Winding back the clock to rewrite past mistakes is a core stratagem of any Mimimi game. Baldur's Gate 3 might have rekindled the debate about save-scumming over in RPG circles, but in the stealth strategy arena where Mimimi operate, reaching for the F5 and F8 keys to quick load a previous save is as natural as swapping between your party members on 123, or activating their unique abilities to clobber all manner of unsuspecting guards on the back of the head with ASD and F.
In their latest real-time tactics-me-do Shadow Gambit: The Cursed Crew, however, the act of quick saving has been woven directly into the language of the game, presented not as cold, hard button commands, but as 'captured memories' that your magical ghost ship The Red Marley is able to unleash to make sure your supernatural pirate crew don't get caught or die (again) on the job.
Functionally, quick-saving's no different to how it was in Desperados 3 or Shadow Tactics: Blades Of The Shogun. If you haven't quick-saved in a while, The Red Marley will literally ding a ghostly bell at the top of the screen reminding you of the march of time. But the small linguistic change is arguably Shadow Gambit's greatest masterstroke, elevating it beyond even the incredible Desperados 3. I can't tell you specifics - otherwise Mimimi might tie an anchor to my leg and chuck me into the depths of Davy Jones' locker - but nor would I want to, as this is the kind of mid-game reveal that should be experienced with as little foreknowledge as possible. Just know that it's the kind rug-pull that puts it in the same 'Cor, yes, this is really very clever indeed and could only ever be done in a game' camp as the likes of Inscryption, Zero Escape, Tunic and Doki Doki Literature Club.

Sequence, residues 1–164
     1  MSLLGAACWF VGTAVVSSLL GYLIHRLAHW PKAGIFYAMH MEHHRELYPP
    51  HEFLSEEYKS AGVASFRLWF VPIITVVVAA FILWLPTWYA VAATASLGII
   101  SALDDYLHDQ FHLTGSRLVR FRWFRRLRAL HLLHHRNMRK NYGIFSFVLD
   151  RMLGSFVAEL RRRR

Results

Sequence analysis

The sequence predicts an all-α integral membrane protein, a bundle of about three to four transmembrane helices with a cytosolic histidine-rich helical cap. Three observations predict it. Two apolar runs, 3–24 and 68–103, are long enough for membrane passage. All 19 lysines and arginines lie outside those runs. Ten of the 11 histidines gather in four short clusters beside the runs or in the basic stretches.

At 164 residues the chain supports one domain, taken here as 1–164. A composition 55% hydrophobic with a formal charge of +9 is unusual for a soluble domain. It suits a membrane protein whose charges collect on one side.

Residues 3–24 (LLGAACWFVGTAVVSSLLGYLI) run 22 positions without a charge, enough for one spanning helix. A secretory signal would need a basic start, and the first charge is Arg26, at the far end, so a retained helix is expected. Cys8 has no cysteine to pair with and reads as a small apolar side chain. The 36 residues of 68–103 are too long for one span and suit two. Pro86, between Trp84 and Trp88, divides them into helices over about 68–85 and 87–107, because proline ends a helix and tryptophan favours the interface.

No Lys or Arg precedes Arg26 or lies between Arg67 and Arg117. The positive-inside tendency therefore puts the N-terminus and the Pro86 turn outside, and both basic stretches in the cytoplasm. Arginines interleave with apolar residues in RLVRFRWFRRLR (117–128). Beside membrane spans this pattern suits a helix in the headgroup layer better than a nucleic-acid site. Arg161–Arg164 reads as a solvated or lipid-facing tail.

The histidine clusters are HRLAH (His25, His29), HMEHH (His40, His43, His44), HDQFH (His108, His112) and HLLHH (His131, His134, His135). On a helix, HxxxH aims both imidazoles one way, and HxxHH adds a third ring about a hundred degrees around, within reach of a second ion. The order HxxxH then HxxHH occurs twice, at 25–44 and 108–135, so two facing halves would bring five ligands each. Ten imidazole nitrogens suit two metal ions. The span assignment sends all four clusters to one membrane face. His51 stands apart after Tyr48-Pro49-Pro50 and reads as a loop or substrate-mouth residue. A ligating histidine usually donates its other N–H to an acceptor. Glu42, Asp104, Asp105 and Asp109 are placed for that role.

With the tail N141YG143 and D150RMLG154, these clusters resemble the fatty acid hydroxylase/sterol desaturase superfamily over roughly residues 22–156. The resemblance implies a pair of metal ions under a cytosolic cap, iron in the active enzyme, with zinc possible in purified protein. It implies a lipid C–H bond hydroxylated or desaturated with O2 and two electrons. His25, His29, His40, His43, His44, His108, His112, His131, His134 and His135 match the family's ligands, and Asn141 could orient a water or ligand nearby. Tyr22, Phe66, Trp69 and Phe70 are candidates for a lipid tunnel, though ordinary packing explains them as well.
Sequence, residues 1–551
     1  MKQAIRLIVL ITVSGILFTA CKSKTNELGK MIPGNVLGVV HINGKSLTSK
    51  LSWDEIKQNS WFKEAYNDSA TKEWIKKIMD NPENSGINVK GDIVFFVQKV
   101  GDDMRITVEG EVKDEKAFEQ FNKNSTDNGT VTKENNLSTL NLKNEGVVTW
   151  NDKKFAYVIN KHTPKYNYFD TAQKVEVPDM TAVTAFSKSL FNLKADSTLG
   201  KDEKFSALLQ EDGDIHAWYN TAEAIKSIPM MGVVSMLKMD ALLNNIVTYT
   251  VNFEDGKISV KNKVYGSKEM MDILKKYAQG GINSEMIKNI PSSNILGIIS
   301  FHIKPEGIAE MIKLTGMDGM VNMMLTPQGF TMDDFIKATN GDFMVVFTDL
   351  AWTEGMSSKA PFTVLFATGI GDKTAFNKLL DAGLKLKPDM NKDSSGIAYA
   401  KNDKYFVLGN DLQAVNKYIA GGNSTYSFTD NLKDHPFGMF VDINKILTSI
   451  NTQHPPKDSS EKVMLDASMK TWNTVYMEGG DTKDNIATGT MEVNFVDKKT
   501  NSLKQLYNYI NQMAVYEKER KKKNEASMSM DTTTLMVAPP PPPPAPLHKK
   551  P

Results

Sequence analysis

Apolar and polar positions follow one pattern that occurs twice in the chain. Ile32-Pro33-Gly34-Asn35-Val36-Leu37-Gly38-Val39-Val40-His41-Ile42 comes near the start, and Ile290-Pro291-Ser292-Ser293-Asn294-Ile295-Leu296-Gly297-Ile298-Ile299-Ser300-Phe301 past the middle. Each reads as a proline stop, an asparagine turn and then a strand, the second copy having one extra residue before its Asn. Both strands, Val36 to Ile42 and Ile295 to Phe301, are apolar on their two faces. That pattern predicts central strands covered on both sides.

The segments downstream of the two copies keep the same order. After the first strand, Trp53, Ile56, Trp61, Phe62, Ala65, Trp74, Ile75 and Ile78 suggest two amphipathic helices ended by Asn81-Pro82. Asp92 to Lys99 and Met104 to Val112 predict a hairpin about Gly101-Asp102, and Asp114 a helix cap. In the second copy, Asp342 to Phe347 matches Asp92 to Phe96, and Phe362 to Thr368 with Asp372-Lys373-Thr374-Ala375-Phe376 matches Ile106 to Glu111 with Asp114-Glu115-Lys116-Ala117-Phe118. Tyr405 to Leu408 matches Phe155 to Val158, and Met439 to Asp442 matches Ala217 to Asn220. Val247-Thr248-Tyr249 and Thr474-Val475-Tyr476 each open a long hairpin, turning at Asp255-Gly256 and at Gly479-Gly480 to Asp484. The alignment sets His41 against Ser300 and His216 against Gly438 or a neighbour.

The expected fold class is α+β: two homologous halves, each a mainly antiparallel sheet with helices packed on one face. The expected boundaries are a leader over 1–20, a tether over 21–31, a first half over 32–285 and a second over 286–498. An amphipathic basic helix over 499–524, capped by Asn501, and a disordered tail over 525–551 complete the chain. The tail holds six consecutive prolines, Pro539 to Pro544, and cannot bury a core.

Shadow Gambit is like a cannonball to the chest (or stomach, if you're Gaelle De Bris up in the header image), building on the studio's already excellent stealth foundations with a tale of plot and plunder that strikes right at the heart of what memory is, as well as the devastating power it can hold over us. If the diegetic transformation around the nature of quick-saving hints at a studio grappling with its own legacy of mechanical artifice, then the second act of Shadow Gambit is ample proof that Mimimi have thoroughly mastered how interactive form and function can coexist to challenge us afresh. That they've also accomplished this while not only giving us their largest cast of would-be assassins yet, but also their most imaginative and unconventional mission structure so far, is nothing short of remarkable.
Unlike the linear, set-piece driven sorties of Desperados 3 and Shadow Tactics: Blades Of The Shogun, Shadow Gambit leans into its pirate fantasy with aplomb, giving you a crop of islands to explore and a mission log to tackle in (mostly) whatever order you like. You'll revisit most of these islands four or five times over the course of the game, and after learning the ropes as the wily navigator (and definitely long-lost cousin of Dishonored's Corvo and Emily Kaldwin) Afia Manicato, you're given a welcome amount of freedom in how you shape your adventure. Your first order of business, for example, is reviving the rest of The Marley's undead crew, who have all fallen foul of the tyrannical Inquisition, a religious order who's taken it upon themselves to shake out every last cursed skeleton from the Timeless Shores' copious closets.